Always desperately short of money, Greenberg held out until 1962, by which point he owed Wolff over $100,000. Many thousands of printed but unbound copies of Gnome Press books being stored at the printer until Greenberg could find money to bind them were apparently destroyed.
I’ve taken this history from various editions of The Science-Fantasy Publishers: A Critical and Bibliographic History, by Jack L. Chalker and Mark Owens. The last edition was published in 1991, pre-Internet. Their section on Gnome Press ends with this sentence:
[Gnome] also produced four issues of a newsletter edited by Wilson “Bob” Tucker and Robert Bloch, Science Fiction World, which included promos for Gnome books, interviews, art. etc. in the mid-Fifties, but these are so rare that we have never, and we mean never, seen a copy of them for sale.
There were in fact six issues, and I saw them for sale and bought them. You can find at least one on sale by someone, somewhere at almost any time. Each year that passes, in fact, seems to bring out material that not even the best experts had ever seen.
There’s so much of this new material that all the old references are obsolete, or at least incomplete. That’s what The Gnome Press Release will be about. My personal collection of Gnome Press books and associational items is pretty good. Not complete, to be sure – what would be the fun in that? – but extensive enough that figuring out what complete would mean is tantalizing. I’ll be listing all the known variants of bindings and covers, along with several that aren’t in the reference books. I’ll talk about all the items that Gnome also issued, not just the newsletters, but the paperbacks, and calendars, and catalogs, and miscellanea. What I hope is that other collectors will see this and correct my mistakes and fill in my omissions. I know I’m not aware of all the variants, because I just discovered a new one recently. There must be many others. Please let me know of unrecorded variants by sending a message to email@example.com.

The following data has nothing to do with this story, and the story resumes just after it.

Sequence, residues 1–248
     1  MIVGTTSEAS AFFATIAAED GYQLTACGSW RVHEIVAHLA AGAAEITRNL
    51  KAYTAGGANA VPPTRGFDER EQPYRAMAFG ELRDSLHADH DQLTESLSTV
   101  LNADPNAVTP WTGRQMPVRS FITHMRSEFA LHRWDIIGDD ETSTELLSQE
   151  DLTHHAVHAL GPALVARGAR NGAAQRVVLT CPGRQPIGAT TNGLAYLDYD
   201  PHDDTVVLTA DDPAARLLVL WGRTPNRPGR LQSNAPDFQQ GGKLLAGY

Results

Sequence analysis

The Gnome Press Release is a process. I’ll be starting with just a few pages and minimal information (and probably much weirdness until I learn more about WordPress), but I hope to make it grow. And I hope you’ll join me for the journey.
These are the major sources of information on Gnome Press variants and other basic info on the history. I’ll be referring to them regularly throughout each individual book page. Summaries of contents are available on the web for all titles; I’ll refrain from repeating those. What I will do is use standard terminology that you’ll see in any good description of a book for sale. If you’re uncertain of what some of the more arcane terms mean, The Independent Association of Booksellers maintains a page of book terminology that gives definitions for just about anything you might encounter.
CHALKER – The Science-Fantasy Publishers: A Critical and Bibliographic History, 3rd edition, by Jack L. Chalker and Mark Owens (Mirage Press, 1991)
CURREY – Science Fiction and Fantasy Authors: a Bibliography of First Printings of Their Fiction and Selected Nonfiction, by L. W. Currey (G. K. Hall, 1979)
ESHBACH – Over My Shoulder: Reflections of a Science Fiction Era, by Lloyd Arthur Eshbach (Oswald Train: Publisher, 1983)
KEMP – The Anthem Series: Part V: Gnome Press, by Earl Terry Kemp (appeared in the fanzine –e*I*47– (Vol. 8 No. 6) December 2009 – no longer available online)
RAISEY – The Great Gnome Press Science Fiction Odyssey, by Aaron Raisey (http://gnomepress.me/gnomepress/)